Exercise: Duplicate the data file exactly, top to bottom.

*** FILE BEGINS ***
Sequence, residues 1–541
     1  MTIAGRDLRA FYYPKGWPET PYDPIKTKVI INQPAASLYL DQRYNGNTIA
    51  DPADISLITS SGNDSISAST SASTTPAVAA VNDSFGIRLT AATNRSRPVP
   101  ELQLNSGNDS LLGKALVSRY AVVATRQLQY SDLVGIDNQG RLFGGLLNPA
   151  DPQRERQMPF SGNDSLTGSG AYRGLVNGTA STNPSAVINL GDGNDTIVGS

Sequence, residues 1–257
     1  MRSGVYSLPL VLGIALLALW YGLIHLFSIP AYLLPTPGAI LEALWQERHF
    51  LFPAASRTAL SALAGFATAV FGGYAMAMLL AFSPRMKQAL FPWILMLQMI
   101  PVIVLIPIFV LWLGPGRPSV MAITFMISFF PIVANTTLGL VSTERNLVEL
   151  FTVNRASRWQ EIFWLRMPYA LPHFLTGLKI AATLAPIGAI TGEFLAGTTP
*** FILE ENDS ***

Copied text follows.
Sequence, residues 1–541
     1  MTIAGRDLRA FYYPKGWPET PYDPIKTKVI INQPAASLYL DQRYNGNTIA
    51  DPADISLITS SGNDSISAST SASTTPAVAA VNDSFGIRLT AATNRSRPVP
   101  ELQLNSGNDS LLGKALVSRY AVVATRQLQY SDLVGIDNQG RLFGGLLNPA
   151  DPQRERQMPF SGNDSLTGSG AYRGLVNGTA STNPSAVINL GDGNDTIVGS

Sequence, residues 1–257
     1  MRSGVYSLPL VLGIALLALW YGLIHLFSIP AYLLPTPGAI LEALWQERHF
    51  LFPAASRTAL SALAGFATAV FGGYAMAMLL AFSPRMKQAL FPWILMLQMI
   101  PVIVLIPIFV LWLGPGRPSV MAITFMISFF PIVANTTLGL VSTERNLVEL
   151  FTVNRASRWQ EIFWLRMPYA LPHFLTGLKI AATLAPIGAI TGEFLAGTTP